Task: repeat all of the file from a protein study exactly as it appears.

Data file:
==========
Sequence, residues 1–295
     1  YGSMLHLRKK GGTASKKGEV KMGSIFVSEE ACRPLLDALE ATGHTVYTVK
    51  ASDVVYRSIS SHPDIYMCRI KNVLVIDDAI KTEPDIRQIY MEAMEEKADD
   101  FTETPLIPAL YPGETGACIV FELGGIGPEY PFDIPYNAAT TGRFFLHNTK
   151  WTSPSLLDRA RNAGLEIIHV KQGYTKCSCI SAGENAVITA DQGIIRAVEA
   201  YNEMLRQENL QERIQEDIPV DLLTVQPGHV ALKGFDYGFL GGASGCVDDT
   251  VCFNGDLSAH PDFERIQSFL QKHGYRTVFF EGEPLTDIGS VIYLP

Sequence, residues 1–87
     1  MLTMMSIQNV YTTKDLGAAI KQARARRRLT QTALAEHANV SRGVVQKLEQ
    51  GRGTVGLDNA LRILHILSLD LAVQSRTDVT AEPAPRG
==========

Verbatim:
Sequence, residues 1–295
     1  YGSMLHLRKK GGTASKKGEV KMGSIFVSEE ACRPLLDALE ATGHTVYTVK
    51  ASDVVYRSIS SHPDIYMCRI KNVLVIDDAI KTEPDIRQIY MEAMEEKADD
   101  FTETPLIPAL YPGETGACIV FELGGIGPEY PFDIPYNAAT TGRFFLHNTK
   151  WTSPSLLDRA RNAGLEIIHV KQGYTKCSCI SAGENAVITA DQGIIRAVEA
   201  YNEMLRQENL QERIQEDIPV DLLTVQPGHV ALKGFDYGFL GGASGCVDDT
   251  VCFNGDLSAH PDFERIQSFL QKHGYRTVFF EGEPLTDIGS VIYLP

Sequence, residues 1–87
     1  MLTMMSIQNV YTTKDLGAAI KQARARRRLT QTALAEHANV SRGVVQKLEQ
    51  GRGTVGLDNA LRILHILSLD LAVQSRTDVT AEPAPRG